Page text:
PostgreSQL, often simply Postgres, is an object-relational database management system (ORDBMS) available for many platforms including Linux, FreeBSD, Solaris, Microsoft Windows and Mac OS X. The following versions have been made available. They are all 64 bit and compiled with the Oracle Solaris Studio tools.
|Name||Package Name||Version||Version String|
|PostgreSQL Database 8.2||postgresql-82||8.2.23||82|
|PostgreSQL Database 8.4||postgresql-84||8.4.17||84|
|PostgreSQL Database 9.0||postgresql-90||9.0.13||90|
|PostgreSQL Database 9.1||postgresql-91||9.1.9||91|
|PostgreSQL Database 9.2||postgresql-92||9.2.4||92|
The process below uses $$ in place of the version number. Remember to use the correct Version String shown above in place of $$ for all commands.
The installation of PostgreSQL also delivers the required files and configuration to run it as a Solaris SMF service. Continue reading to get PostgreSQL running as a service on your Solaris 11 environment.
If you've already added my repository to your Solaris 11 installation the following command will install PostgreSQL.
sudo pkg install postgresql-$$
The table below shows some of the key service properties that can/should be changed to suit your environment. Default values are also listed. The default values will work but I'd recommend, at the very least, method_context/group and method_context/user be reviewed to ensure you're happy using the defaults. The user and group needs to be the owner of the postgresql-$$/data folder.
|postgresql-$$/binary||/opt/SMM/postgresql-$$/bin||The location for the PostgreSQL binary files.|
|postgresql-$$/log||server.log||The name of the log file created/used by the PostgreSQL service.|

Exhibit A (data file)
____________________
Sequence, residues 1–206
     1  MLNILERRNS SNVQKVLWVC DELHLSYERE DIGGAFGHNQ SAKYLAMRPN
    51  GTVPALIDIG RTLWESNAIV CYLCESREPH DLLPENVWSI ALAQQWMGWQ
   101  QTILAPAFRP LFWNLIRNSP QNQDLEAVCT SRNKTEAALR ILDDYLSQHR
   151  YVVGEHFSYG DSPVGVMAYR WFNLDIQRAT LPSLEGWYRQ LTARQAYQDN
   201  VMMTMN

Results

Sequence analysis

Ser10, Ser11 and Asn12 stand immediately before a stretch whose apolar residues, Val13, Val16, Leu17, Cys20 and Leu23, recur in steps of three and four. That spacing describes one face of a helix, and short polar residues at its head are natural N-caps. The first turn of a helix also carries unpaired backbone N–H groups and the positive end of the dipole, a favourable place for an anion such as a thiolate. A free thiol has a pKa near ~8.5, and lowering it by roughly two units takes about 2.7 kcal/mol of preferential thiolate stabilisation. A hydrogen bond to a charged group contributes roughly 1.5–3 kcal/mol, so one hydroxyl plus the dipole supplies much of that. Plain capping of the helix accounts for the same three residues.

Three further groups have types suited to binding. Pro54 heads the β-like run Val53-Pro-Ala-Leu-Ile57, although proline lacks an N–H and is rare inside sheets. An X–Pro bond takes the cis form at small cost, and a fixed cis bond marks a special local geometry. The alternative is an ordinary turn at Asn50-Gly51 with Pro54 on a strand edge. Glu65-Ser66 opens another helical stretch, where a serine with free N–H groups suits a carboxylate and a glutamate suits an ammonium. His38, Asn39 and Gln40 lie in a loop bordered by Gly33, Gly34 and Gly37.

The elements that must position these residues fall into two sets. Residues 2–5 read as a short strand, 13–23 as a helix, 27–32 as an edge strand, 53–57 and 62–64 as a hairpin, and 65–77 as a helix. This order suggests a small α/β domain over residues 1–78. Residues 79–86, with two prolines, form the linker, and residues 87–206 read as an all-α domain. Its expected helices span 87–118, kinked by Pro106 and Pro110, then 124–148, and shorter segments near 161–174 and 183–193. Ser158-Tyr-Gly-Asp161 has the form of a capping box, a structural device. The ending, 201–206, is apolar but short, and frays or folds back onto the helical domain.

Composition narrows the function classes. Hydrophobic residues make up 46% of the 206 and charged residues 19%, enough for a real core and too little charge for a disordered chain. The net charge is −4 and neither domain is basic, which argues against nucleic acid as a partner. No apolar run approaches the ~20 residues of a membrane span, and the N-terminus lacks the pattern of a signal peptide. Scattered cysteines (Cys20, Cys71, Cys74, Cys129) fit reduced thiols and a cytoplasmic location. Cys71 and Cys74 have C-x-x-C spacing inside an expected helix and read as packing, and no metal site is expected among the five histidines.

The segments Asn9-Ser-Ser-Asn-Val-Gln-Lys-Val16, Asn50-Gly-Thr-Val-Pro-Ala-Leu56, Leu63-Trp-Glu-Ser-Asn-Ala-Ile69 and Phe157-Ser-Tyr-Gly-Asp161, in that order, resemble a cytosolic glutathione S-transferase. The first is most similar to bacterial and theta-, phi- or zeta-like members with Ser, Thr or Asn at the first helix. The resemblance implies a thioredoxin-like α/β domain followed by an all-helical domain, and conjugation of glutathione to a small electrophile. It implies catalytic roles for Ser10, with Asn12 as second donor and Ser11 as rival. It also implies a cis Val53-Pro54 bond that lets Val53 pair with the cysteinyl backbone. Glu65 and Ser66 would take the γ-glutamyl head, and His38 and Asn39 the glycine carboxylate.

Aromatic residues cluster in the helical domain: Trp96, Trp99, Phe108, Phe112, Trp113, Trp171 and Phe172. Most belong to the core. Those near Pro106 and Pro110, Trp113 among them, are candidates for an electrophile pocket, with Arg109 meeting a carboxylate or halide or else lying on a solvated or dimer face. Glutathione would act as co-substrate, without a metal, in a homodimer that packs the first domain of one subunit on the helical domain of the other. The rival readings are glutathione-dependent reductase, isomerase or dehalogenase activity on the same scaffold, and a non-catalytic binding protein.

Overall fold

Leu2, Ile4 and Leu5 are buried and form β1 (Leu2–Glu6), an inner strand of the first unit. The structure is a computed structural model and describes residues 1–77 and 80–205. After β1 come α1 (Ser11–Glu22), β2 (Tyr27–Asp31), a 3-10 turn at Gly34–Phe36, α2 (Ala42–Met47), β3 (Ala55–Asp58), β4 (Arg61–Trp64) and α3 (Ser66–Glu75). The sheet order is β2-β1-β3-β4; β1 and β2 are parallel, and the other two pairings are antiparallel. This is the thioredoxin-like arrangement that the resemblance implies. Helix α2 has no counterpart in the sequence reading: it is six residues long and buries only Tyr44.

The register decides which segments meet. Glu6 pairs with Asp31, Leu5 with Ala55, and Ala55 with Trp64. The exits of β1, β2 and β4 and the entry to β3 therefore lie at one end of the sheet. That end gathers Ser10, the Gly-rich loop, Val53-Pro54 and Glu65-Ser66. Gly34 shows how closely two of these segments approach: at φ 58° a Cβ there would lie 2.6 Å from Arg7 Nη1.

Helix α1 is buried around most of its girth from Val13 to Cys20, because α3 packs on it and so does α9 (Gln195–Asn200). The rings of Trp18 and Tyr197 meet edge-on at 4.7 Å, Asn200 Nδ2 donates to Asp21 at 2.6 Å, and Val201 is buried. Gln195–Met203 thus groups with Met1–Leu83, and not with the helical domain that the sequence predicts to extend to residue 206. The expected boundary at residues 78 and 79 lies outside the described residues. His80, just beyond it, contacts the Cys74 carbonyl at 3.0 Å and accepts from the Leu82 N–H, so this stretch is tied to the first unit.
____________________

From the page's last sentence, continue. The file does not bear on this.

|postgresql-$$/data||/var/opt/SMM/postgresql-$$||Data directory used by PostgreSQL. This folder must be owned by 'method_context/group' and 'method_context/user'.|
|method_context/group||postgres||Group that PostgreSQL runs under.|
|method_context/user||postgres||User that PostgreSQL runs under.|
Firstly, decide on a user, group and data directory to use for PostgreSQL. For this example, I will be using the default user and group but I'll detail the process to change them anyway. They already exist in the standard Solaris 11 install so they don't need to be created.
Now, let's set up the environment and configure the properties for the service. The commands below need to be executed by a user with elevated privileges.
# create the data directory mkdir /postgresql # change the ownership on the data directory chown -R postgres:postgres /postgresql # set the relevant properties for the service svccfg -s postgresql-$$:default setprop postgresql-$$/data = astring: "/postgresql" svccfg -s postgresql-$$:default setprop postgresql-$$/log = astring: "postgresql.log" svccfg -s postgresql-$$:default setprop method_context/group = astring: "postgres" svccfg -s postgresql-$$:default setprop method_context/user = astring: "postgres" svcadm refresh postgresql-$$:default
Create the Initial Database
su - postgres /opt/SMM/postgresql-$$/bin/initdb -D /postgresql
Start the Service
# start the service svcadm enable postgresql-$$ # check status svcs -l postgresql-$$ # view the log less /postgresql/postgresql.log
You should now have a running instance of PostgreSQL.
I'm running 9.2 and have only done limited testing with the other version. Let me know if you have any questions or issues.